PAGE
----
From our Southeast Asia Collection, an important and magnificently large, published, inscribed and dated Burmese temple Buddha, Mandalay School, constructed of fabulously carved hardwood coated in reddish-brown lacquer and gilt, depicting Buddha seated in padmasana position with his right hand in bhumisparsa mudra, elevated upon a single tier base with iron temple security rings, and bearing a raised-lacquer dedication inscription that essentially translates as follows: "Wish-fulfilling Kabalon Okshaung Pagoda, Supreme Principal of the World, Rangoon, Donated by U Ba Cho-Ma Thaung Yin and Family. May Devas and Human Beings Shout Sadhu ! B.E. 1286." (The Burmese date corresponds to 1924.)
This piece is a fantastic and rare example of genuine Burmese Mandalay School workmanship (late 19th - early 20th century), evidencing all the classic attributes one wants to see in such pieces. These include among other things, the overall proportions of the Buddha, the dome-shaped unisha, the elaborate and compelling carved rendition of the flow of the Buddha's robes, the semi-aquilinear nose, the glass inlaid hairline, the shell-inset eyes, elongated ears, as well as all the correct signs of wear and indicia of authenticity. In a market where sadly, a disturbingly high proportion of the so-called "Burmese Mandalay School" Buddhas offered for sale these days are in fact, mere reproductions, this is a highly desirable published piece with sound bonafides.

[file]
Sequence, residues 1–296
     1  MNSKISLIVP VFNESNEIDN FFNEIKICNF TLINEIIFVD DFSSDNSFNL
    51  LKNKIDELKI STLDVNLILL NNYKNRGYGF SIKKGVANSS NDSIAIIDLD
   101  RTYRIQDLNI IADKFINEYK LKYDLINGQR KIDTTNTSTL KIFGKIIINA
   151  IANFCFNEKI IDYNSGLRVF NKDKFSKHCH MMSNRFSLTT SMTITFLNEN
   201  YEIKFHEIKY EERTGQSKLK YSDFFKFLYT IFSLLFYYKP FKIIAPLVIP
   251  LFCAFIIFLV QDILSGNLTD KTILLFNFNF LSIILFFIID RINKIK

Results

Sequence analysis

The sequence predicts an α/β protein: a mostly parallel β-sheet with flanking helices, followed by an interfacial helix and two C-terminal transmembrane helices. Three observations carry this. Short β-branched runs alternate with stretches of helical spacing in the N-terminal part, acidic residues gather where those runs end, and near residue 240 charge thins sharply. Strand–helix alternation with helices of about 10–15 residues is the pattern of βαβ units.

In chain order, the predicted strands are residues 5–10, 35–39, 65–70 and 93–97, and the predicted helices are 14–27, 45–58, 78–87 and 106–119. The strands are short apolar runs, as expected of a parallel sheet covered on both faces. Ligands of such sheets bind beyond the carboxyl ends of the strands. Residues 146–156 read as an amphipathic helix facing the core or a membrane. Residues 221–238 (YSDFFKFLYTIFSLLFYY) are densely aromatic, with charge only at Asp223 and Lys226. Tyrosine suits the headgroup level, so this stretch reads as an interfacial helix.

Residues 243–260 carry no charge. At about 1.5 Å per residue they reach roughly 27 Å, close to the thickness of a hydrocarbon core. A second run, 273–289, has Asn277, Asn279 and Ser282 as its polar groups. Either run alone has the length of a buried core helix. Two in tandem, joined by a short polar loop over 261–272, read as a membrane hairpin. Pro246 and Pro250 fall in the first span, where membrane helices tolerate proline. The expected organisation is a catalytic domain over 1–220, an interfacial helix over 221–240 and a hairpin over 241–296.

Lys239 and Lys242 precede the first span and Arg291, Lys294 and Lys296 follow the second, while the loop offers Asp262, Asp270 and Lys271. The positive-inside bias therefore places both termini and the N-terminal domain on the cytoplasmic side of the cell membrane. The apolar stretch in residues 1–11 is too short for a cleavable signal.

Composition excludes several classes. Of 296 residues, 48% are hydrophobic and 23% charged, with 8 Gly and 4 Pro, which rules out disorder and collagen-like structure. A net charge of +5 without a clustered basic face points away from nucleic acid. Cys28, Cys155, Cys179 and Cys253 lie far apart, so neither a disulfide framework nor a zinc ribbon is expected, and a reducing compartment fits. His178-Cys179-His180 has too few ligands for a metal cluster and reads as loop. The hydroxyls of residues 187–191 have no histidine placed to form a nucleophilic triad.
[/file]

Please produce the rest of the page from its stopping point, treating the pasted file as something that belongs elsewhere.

Published in Arts of Asia, May/June 1981, "Buddha Images from Burma: Part III, Wood and Lacquer," by Sylvia Fraser-Lu. When originally published in 1981, this buddha was loosely described as being "19th century." Our understanding is that the inscription had not yet been translated by Ms. Fraser-Lu at time of publication, which explains why the actual translated date is somewhat later than 19th century, ie, 1924.
A very similar piece is also published by Otto Karow in Burmese Buddhist Sculpture, the Johan Moger Collection, 1991, page 87, catalog item # 70, where that piece is described as 19th century and more importantly, he specifically cross references our buddha from Ms. Fraser-Lu’s article.
Size and Condition: This is a very large and heavy piece measuring 36 3/4 inches tall, 27 inches wide, 19 inches deep, and weighing around 75 pounds. It will require professional shipping from a specialized art and antique carrier such as Cadogan Tate, who is accustomed to shipping heavy and high value items such as this. The piece exhibits several areas of cracking which we have done our best to depict in the photos. Some of these areas do have some depth to the cracking, but none are especially serious and do not threaten the structural integrity of the piece. There is also expected wear to the gilding, some random chipping and dings to the lacquer, and rust to the temple security rings, but these too are all just commensurate with age and should be seen as indicia of age and authenticity. Overall a truly fantastic piece for high-end collectors.